Bush Speechwriter Accuses Obama of Plagiarism for Speech That Didn't Copy Anything

Weigel
Reporting on Politics and Policy.
Jan. 29 2014 5:12 PM

Bush Speechwriter Accuses Obama of Plagiarism for Speech That Didn't Copy Anything

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Geez, it might as well be George W. Bush standing up there talking.

Photo by Larry Downing-Pool/Getty Images

There's time today for one more story of political attacks that misfired completely, right? This one comes from Fox News, which hosted former Bush speechwriter Marc Thiessen after he claimed that President Obama's speech had been lifted from the 2007 State of the Union.

There were lines like, "Our job is to help Americans build a future of hope and opportunity. A future of hope and opportunity begins with a growing economy. A future of hope and opportunity requires our citizens have affordable and available health care. Extending opportunity and hope depends on a stable supply of energy." All of that came from the 2007 State of the Union address by George W. Bush. So, Barack Obama has gone from blaming George W. bush to plagiarizing George W. Bush.
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Thiessen's story has made the rounds, earning headlines like  "Former Bush Speechwriter: Obama Plagiarized Bush's 2007 SOTU" (Breitbart), "Bush Speechwriter accuses Obama of plagiarism in State of the Union," (Yahoo!) etc. Lazy content aggregators know that circulating an accusation like this will get precious, precious clicks. But taking that step requires a special kind of laziness—the kind that prevents you from contrasting two easily found speeches.

So, here are Thiessen's lines and their placements in both speeches.

"Our job is to help Americans build a future of hope and opportunity."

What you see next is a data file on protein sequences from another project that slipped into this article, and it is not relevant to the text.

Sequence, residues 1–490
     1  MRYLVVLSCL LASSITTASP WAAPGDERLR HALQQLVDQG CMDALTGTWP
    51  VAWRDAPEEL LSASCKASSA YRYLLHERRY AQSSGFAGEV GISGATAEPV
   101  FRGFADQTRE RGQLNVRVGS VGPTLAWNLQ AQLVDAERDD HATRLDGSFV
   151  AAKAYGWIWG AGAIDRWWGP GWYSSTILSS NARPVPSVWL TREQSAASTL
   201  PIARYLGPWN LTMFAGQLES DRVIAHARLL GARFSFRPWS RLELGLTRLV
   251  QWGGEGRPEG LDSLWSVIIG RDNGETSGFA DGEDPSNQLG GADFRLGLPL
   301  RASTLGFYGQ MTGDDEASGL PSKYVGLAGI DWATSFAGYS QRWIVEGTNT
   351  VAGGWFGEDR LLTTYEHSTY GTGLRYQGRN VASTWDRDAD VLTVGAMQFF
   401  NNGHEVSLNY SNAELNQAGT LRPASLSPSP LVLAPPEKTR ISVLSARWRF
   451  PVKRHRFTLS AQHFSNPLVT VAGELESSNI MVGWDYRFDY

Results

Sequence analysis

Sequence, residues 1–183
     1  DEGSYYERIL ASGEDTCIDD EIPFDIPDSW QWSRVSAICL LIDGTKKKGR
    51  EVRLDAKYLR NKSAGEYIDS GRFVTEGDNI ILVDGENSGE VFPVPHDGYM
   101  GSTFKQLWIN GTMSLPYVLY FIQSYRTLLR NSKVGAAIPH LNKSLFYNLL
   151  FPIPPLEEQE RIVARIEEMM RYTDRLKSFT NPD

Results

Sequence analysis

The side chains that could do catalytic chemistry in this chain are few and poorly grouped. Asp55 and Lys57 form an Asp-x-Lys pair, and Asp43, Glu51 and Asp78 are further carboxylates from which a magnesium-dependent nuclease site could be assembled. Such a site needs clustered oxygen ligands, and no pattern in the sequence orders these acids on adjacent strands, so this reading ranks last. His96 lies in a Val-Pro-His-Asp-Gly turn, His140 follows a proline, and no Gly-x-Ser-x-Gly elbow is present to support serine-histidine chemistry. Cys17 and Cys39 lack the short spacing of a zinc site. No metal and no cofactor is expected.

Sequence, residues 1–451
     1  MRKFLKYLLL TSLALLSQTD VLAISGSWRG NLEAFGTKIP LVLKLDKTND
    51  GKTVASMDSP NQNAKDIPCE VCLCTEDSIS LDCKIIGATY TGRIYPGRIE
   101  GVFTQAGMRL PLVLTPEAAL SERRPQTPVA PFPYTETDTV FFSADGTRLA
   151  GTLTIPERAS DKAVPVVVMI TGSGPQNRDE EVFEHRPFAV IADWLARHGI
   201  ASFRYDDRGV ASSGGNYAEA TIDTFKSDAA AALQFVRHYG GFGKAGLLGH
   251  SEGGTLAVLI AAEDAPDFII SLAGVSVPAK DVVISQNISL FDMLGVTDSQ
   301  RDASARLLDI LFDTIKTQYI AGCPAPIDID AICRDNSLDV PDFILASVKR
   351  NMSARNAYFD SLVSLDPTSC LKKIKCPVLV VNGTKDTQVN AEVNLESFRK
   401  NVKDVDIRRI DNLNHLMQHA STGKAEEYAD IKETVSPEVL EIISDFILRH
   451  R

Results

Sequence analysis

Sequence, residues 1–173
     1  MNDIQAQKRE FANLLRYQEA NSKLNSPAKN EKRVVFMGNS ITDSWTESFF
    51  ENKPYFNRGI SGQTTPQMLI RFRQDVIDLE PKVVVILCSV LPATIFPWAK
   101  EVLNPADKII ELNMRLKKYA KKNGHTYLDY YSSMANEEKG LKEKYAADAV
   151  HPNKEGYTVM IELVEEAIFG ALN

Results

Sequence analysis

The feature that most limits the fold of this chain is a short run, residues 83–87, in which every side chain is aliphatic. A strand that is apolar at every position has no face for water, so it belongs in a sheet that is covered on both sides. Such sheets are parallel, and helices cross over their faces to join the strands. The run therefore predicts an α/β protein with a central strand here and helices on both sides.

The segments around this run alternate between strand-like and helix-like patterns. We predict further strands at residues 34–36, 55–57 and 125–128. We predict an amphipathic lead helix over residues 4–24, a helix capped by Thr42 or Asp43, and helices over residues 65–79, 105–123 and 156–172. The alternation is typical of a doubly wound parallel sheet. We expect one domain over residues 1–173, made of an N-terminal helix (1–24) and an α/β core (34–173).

This appears in the Bush speech: "Our job is to make life better for our fellow Americans, and to help them to build a future of hope and opportunity—and this is the business before us tonight." Nothing like it appears in the Obama speech—the closest is "Opportunity is who we are."

"A future of hope and opportunity begins with a growing economy -- and that is what we have."

That's the next line in the Bush speech. Nothing like it appears in the Obama speech. He doesn't even use the phrase "growing economy."

"A future of hope and opportunity requires our citizens have affordable and available health care."

Yep, that's in the Bush speech, as the preamble to a tax deduction proposal. Nothing like it in the Obama speech, just a defense of the ACA and a call for people to get enrolled by March 31.

Extending opportunity and hope depends on a stable supply of energy.

Also in the Bush speech. Obama—see the pattern?—does not repeat this. He says instead that "one of the biggest factors in bringing more jobs back is our commitment to American energy," which is a similar sentiment.

That didn't take long to check, at all. I already offered my theory for why this became news (clicks!), and it was a pretty smart way for a replacement-level columnist to get on TV, but how serious was Thiessen? Serious enough to reiterate the charge to the Washington Times, and point to his September 2013 column arguing that Obama had "lifted" his speech in favor of strikes on Syria from George W. Bush. You see, Bush and Obama both argued that the "United States must hold a Baathist dictator who used chemical weapons against his own people to account," but unlike Thiessen's former boss, Obama was too much of a wimp to issue an ultimatum.

This is what passes for argument on the Bush-in-exile right. And this is what passes for a segment on Fox News.

David Weigel is a reporter for Bloomberg Politics